INDIANAPOLIS — The Big Ten's decision to postpone the fall sports season until spring hits home for Indiana's two member universities.
From the action on the football field to the cheering in the stands, scenes like those won't be happening this fall at Purdue University. It's a big part of the college experience that is now disappearing for students, players and coaches.
The conference announced its decision Tuesday afternoon, moments before the Pac-12 followed suit. A day earlier, Big Ten coaches spoke out in support of playing as scheduled.
"We were looking forward to it. We were excited about playing a conference-only schedule of 10 great teams in our conference," said Purdue head coach Jeff Brohm.
A statement released Tuesday by the Big Ten Conference read, in part, "it became abundantly clear that there was too much uncertainty regarding potential medical risks to allow our student-athletes to compete this fall."
The news came as a shock to many students at Purdue. They say they had hopes of filling the seats inside Ross-Ade Stadium this fall. Instead, they have to only hope that sports will return this spring.
"I was kind of expecting it to happen, because a few other schools had canceled their season, but I was kind of upset because I've been to Purdue games before and they're really fun," said Purdue freshman Victoria Toler.
"I was a new person here and I barely knew anyone and the few friends I made, we just planned to go and watch the football game and that was probably the best experiences I had in my life," said sophomore Kalpit Patel.
Some students say while it is a disappointment, they are hopeful for the future.
"For the betterment of the country and for just sports in general, just do what needs to be done, just do what needs to be safe. We'll come back bigger and better next year," said sophomore Christopher Curts.
As students look ahead to a possible spring season, Brohm said it's going to take a lot of collaboration to get the job done.
"I'm hopeful our entire conference, when it's all said and done, everyone involved can find a way to play football in the spring, especially if we really want to play football and give our seniors a chance to play football," said Brohm.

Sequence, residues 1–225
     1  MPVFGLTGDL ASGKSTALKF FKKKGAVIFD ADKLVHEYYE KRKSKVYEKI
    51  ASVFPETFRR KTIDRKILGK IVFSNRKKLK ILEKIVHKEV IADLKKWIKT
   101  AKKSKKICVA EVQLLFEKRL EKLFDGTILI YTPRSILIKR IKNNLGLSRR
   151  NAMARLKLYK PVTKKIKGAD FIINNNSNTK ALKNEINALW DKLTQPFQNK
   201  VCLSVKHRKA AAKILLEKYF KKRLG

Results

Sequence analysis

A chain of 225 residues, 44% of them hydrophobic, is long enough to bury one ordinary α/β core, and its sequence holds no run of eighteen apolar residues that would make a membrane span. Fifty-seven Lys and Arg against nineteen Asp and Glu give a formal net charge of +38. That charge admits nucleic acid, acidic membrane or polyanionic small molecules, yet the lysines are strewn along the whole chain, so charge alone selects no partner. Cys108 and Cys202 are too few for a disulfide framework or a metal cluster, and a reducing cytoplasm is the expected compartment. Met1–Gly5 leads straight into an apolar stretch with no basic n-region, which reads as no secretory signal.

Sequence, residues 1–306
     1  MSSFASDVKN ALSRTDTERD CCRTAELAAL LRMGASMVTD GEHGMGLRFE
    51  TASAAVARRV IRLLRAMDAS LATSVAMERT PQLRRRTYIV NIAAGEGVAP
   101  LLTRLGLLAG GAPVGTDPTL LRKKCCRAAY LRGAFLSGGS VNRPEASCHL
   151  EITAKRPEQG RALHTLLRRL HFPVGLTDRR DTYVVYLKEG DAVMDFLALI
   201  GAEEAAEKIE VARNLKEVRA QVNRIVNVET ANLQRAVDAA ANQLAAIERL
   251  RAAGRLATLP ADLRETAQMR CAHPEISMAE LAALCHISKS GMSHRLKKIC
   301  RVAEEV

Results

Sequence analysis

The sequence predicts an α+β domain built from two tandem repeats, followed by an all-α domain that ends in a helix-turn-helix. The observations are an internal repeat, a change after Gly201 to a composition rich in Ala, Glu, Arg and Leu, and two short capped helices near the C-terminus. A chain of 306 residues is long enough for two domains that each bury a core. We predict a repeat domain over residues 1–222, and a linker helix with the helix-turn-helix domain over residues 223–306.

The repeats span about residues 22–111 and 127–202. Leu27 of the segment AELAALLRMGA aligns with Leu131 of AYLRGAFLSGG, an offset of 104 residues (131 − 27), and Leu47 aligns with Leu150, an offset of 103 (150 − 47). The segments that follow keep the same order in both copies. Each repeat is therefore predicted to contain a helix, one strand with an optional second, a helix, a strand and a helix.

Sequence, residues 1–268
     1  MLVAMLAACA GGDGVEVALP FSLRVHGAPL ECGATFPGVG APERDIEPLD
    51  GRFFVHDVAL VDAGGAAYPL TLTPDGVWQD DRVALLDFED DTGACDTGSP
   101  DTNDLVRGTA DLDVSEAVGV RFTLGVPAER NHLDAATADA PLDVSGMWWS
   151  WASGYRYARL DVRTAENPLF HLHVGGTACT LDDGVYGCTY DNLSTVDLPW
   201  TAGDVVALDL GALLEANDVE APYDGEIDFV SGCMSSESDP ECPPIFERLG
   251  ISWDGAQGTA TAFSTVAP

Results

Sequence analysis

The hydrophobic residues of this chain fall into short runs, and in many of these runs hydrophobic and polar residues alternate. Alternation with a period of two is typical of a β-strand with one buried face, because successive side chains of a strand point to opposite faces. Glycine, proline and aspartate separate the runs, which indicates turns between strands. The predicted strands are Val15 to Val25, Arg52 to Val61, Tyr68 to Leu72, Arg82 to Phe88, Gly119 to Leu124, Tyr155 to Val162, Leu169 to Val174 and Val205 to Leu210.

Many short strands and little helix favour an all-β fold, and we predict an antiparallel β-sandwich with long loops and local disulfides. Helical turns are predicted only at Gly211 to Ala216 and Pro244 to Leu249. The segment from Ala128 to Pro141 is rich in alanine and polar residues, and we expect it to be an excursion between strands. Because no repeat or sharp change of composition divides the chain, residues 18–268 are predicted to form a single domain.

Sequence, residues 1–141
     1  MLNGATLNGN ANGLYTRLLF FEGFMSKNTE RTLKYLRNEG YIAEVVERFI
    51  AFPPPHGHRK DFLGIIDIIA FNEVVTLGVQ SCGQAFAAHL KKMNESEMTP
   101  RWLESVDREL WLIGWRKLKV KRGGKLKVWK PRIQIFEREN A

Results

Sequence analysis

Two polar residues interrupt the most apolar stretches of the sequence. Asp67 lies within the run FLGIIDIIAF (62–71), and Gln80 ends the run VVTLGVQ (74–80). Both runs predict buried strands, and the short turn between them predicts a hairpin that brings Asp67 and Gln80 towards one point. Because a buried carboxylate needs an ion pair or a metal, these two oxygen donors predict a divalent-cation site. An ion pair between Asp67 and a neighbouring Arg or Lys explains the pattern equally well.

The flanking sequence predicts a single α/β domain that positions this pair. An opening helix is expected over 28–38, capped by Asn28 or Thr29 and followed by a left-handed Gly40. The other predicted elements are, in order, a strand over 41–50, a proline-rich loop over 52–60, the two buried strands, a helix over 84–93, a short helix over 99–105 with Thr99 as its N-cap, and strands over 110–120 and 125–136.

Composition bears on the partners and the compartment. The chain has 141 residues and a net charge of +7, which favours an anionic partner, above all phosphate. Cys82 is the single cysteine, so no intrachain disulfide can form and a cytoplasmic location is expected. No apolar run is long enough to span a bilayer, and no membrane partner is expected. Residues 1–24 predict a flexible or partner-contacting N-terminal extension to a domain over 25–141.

"It was not a good day for them. This was not the message they wanted to hear, but they took it like mature young people, and I think they will respond appropriately," Purdue Vice President and Director of Intercollegiate Athletics Mike Bobinski said of the school's fall sports athletes.
The reaction was much the same from administrators at Indiana University, the Boilermakers' biggest rival.
“My heart breaks for our players. I couldn’t be prouder of the commitment and focus they have demonstrated from the start of this pandemic. They put in the work to get ready for a season. I love each and every one of them, and we will continue to support them and prepare them for what the future holds," Indiana University head coach Tom Allen said in a statement after the decision was announced. "Our number one priority always has been and will continue to be the health and well-being of our players."
In another statement, IU Vice President & Director of Intercollegiate Athletics Scott Dolson said, "our medical experts believe it is not currently safe to take the next step to participating in intercollegiate competitions."
While the postponement of the football season is grabbing the biggest headlines, men's and women's soccer and cross country, as well as women's field hockey and volleyball, are also affected by the decision. The Big Ten said it would continue to evaluate the situation to determine if those sports could also be played in the spring.
The move also takes the Big Ten Championship Game off the schedule at Lucas Oil Stadium in December.